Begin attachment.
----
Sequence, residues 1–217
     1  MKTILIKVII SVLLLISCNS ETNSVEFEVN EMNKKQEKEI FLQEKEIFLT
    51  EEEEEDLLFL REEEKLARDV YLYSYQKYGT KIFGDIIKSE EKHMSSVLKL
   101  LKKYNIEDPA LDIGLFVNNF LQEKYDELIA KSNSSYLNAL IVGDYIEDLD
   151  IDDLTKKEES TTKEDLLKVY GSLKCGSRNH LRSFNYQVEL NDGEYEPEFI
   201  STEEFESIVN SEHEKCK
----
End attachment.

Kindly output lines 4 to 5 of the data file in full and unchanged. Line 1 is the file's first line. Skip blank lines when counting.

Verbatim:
   101  LKKYNIEDPA LDIGLFVNNF LQEKYDELIA KSNSSYLNAL IVGDYIEDLD
   151  IDDLTKKEES TTKEDLLKVY GSLKCGSRNH LRSFNYQVEL NDGEYEPEFI